The president of the United States has very different attitudes toward the two biggest supporters of one of America's greatest enemies.
Both Iran and Russia support Syrian strongman Bashar Assad, who has committed atrocities against his own people in that country's bloody civil war. Trump has been candid about his distrust of Tehran, but he has been less critical — sometimes even supportive — of Moscow.
Trump is a recurring and vocal critic of Iran. He opposes a nuclear deal struck in 2015 between Iran and a group of major powers including the Obama administration, calling it the "worst deal ever" and vowing to "rip it up."
In a May speech in Saudi Arabia, Trump condemned Iran for supporting militias, terrorists and other extremist groups.
"Among Iran's most tragic and destabilizing interventions have been in Syria. Bolstered by Iran, Assad has committed unspeakable crimes," he said.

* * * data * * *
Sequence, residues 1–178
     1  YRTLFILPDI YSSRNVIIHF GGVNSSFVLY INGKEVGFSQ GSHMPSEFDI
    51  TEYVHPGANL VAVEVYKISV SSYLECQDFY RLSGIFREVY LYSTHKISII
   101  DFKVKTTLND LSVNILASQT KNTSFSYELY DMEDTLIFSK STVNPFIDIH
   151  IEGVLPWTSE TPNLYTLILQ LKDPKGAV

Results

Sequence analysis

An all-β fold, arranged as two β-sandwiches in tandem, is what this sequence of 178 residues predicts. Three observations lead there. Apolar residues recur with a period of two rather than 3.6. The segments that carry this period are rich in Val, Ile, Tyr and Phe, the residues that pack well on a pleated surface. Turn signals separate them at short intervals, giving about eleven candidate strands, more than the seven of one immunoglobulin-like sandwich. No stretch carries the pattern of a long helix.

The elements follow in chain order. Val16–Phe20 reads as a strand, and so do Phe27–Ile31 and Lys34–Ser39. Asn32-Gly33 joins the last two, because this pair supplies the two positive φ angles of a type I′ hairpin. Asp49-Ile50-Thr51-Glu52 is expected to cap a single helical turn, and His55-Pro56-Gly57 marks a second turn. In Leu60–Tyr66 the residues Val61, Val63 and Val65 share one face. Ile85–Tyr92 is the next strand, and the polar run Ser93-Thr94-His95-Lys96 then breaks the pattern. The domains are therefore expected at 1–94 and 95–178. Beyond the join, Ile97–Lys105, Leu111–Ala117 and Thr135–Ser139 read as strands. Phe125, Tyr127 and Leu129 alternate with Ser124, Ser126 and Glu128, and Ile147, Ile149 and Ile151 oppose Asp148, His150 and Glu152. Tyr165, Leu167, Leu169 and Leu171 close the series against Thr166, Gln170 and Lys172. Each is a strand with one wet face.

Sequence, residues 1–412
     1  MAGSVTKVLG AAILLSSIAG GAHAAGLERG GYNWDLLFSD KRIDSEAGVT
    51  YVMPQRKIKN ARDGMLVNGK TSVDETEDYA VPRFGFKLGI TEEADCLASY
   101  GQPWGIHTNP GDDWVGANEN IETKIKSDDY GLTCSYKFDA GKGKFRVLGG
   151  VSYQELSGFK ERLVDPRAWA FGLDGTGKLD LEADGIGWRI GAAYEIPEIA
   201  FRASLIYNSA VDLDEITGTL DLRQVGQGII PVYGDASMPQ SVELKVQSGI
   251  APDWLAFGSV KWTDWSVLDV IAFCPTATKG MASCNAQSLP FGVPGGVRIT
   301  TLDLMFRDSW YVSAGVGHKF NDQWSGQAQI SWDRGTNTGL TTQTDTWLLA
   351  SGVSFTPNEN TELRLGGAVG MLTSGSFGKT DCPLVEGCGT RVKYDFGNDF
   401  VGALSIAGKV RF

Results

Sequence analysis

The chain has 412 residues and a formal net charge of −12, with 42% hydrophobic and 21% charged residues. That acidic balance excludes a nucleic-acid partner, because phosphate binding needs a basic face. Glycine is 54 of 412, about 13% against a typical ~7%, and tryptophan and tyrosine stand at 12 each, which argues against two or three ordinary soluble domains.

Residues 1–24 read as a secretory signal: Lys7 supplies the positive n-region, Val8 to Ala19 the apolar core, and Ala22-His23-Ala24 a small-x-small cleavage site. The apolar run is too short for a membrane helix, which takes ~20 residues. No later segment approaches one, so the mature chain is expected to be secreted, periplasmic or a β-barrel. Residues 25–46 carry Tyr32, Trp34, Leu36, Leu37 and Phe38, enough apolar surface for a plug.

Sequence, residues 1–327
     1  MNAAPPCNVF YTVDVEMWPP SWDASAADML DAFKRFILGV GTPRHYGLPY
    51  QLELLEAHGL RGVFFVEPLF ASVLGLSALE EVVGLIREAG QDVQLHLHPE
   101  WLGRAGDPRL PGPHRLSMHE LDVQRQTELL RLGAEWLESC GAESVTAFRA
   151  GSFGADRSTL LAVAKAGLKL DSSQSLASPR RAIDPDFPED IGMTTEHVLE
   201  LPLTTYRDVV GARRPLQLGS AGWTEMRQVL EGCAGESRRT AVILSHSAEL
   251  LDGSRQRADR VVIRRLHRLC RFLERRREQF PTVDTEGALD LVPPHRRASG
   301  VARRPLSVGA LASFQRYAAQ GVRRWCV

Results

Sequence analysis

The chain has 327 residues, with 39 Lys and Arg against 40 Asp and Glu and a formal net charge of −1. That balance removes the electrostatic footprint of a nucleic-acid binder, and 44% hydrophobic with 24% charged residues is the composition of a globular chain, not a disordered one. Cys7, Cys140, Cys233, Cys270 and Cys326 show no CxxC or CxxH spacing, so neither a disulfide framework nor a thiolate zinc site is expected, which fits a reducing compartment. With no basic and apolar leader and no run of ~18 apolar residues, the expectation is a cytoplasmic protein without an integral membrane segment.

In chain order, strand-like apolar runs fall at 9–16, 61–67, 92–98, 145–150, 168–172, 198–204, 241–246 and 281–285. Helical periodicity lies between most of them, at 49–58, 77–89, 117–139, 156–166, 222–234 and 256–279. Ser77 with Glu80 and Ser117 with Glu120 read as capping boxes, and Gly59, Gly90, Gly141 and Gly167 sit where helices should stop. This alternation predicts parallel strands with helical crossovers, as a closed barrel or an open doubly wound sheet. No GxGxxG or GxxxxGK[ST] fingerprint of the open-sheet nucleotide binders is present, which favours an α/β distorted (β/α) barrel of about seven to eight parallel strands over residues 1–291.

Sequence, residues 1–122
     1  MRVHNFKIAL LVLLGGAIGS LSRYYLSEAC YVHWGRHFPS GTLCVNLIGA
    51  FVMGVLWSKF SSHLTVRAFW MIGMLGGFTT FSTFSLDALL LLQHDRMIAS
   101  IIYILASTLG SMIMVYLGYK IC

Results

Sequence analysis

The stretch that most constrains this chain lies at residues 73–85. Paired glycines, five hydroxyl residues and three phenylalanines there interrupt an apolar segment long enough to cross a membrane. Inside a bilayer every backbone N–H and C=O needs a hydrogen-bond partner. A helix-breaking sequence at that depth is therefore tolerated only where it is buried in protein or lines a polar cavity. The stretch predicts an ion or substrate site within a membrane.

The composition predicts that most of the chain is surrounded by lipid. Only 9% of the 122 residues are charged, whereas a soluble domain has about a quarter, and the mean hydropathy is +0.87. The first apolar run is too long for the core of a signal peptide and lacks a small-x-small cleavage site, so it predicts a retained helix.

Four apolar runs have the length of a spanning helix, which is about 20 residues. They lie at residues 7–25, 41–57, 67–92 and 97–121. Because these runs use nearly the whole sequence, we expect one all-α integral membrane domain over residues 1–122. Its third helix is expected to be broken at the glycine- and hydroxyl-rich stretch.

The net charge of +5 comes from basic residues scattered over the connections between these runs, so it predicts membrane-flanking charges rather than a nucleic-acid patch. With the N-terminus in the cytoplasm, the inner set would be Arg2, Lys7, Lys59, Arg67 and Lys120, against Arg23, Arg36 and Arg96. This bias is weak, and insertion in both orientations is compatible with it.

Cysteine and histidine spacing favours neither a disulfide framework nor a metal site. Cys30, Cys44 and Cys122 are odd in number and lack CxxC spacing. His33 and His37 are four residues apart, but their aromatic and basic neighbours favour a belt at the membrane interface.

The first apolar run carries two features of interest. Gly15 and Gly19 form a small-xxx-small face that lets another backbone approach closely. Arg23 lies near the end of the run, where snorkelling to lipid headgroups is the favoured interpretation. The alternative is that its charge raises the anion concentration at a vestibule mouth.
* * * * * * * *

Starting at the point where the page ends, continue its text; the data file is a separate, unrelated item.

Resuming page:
With Russia, Trump has taken a more positive tone. He has tweeted that having a good relationship with Russia is a good thing, and that only "stupid people" would disagree.
The U.S. has been slow to realize Russia's "power projection issues" in the Middle East, said Andrew Bishop, deputy director of research at the Eurasia Group, whereas Iran ambitions in the region are longstanding and well-known. Plus, Bishop said, Trump may perceive Russia as a fellow target of Islamic terrorism and one of few potential partners in Syria.
The president has voiced his desire to work with Russia to fight the Islamic State group, also known as ISIS.
The U.S. Senate appears ready to ensure that the administration doesn't unilaterally ease up on Russia. On Wednesday, the Senate voted overwhelmingly to require the president to get congressional approval before he lifts any sanctions against the country.